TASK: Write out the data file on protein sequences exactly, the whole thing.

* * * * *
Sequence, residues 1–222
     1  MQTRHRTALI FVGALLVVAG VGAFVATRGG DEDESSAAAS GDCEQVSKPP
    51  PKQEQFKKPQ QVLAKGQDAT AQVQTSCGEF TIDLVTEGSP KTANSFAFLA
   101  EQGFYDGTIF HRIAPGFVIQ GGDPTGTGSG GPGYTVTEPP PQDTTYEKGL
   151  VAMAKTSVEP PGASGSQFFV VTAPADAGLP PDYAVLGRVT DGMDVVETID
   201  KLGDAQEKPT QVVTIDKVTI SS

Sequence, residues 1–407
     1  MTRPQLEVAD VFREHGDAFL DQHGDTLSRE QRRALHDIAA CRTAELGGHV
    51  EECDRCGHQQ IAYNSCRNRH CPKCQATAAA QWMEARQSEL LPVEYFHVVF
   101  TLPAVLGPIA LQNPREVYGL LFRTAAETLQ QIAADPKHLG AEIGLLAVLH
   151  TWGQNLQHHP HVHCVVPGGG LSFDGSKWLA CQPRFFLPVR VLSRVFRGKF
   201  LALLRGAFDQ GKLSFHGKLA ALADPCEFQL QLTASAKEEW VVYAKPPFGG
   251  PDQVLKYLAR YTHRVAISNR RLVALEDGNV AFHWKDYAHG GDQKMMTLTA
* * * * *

Sequence, residues 1–222
     1  MQTRHRTALI FVGALLVVAG VGAFVATRGG DEDESSAAAS GDCEQVSKPP
    51  PKQEQFKKPQ QVLAKGQDAT AQVQTSCGEF TIDLVTEGSP KTANSFAFLA
   101  EQGFYDGTIF HRIAPGFVIQ GGDPTGTGSG GPGYTVTEPP PQDTTYEKGL
   151  VAMAKTSVEP PGASGSQFFV VTAPADAGLP PDYAVLGRVT DGMDVVETID
   201  KLGDAQEKPT QVVTIDKVTI SS

Sequence, residues 1–407
     1  MTRPQLEVAD VFREHGDAFL DQHGDTLSRE QRRALHDIAA CRTAELGGHV
    51  EECDRCGHQQ IAYNSCRNRH CPKCQATAAA QWMEARQSEL LPVEYFHVVF
   101  TLPAVLGPIA LQNPREVYGL LFRTAAETLQ QIAADPKHLG AEIGLLAVLH
   151  TWGQNLQHHP HVHCVVPGGG LSFDGSKWLA CQPRFFLPVR VLSRVFRGKF
   201  LALLRGAFDQ GKLSFHGKLA ALADPCEFQL QLTASAKEEW VVYAKPPFGG
   251  PDQVLKYLAR YTHRVAISNR RLVALEDGNV AFHWKDYAHG GDQKMMTLTA